Going into the Liberty game, the unit hadn't given up a touchdown in six consecutive quarters. Why? The players are faster, they attack the ball and they don't wear down during a game.

After getting battered two weeks ago, Bethune-Cookman quarterback Todd Walker said: "In my three years playing in the MEAC, I haven't been hit as hard as I was hit today."

Offensive tackle Willie Jones, a 6-foot-7, 340-pound sophomore transfer from Central Florida, is making sure no one lining up opposite him is putting any hits on Covington. Jones has graded highly after every game and was named MEAC Offensive Lineman of the Week after his blocking helped Morgan gain 221 yards rushing against Bethune-Cookman.

Few defensive lineman have been able to get Jones off his feet. None has gotten the better of him.

His performance against Bethune-Cookman even impressed Morgan's equipment manager, Arno Adams. "I've been washing uniforms for over 30 years," Adams said, "and I cannot remember when an offensive lineman's pants were turned in clean on the backside. But Willie Jones did not have a mark on his pants."

Jones said he didn't have any apprehensions about coming to Morgan, because he knew nothing about the years of losing. He had planned on enrolling at Miami and sitting out a year, but his uncle's friendship with former NFL safety Andre Waters, the Bears' secondary coach, helped steer him to Morgan.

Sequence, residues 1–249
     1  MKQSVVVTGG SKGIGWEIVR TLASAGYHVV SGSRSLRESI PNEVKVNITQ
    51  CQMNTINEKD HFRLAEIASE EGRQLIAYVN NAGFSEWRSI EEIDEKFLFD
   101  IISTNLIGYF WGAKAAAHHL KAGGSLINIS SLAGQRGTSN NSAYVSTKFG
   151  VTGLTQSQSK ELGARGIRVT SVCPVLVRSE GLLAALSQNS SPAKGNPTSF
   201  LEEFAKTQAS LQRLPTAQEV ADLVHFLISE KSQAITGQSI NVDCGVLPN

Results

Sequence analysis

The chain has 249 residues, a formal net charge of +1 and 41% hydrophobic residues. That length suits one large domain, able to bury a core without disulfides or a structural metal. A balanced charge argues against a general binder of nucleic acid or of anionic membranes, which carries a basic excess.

"When I first came here, every one disrespected the program," Jones said. "I watched films from last year, and this is a totally different team -- the players, intensity, the will to play. And Coach Mitchell is like a spiritual motivator. He's the backbone of the team."

Mitchell knew how important it was to protect Covington's back this year.

Making the transition from receiver, where Covington played for three seasons at Morgan, to starting quarterback was going to be difficult enough without fearing a pass rush each time he drops to throw.

Erratic his first two games, Covington caught fire against Liberty, throwing for 287 yards and a school-record-tying four touchdowns. He also rushed for 80 yards, giving him a team-leading 309.

Covington, who ranks 18th in total offense in Division I-AA with 237.3 yards a game, said the players knew they had enough talent to start winning. "It was just a matter of working hard for it to become a reality."

Here's the reality: A program that has churned out losing seasons since 1979, with two years remaining on its probation and a stigma that seemed to be permanently attached, could be 3-1 after Saturday. And there isn't a team remaining on Morgan's schedule that Mitchell doesn't believe can be beaten.

"I don't think there's anybody in Division I-AA, if we go out and play the type of football we're capable of, that's going to beat us," Mitchell said.

He looked his visitor in the eyes when he said it. And he meant every word.

Next for Morgan

Opponent: Cheyney (0-3)

Site: Drexel Field, Philadelphia.

When: Tomorrow, 1 p.m.

Radio: WEAA (88.9 FM)

Pub Date: 9/27/96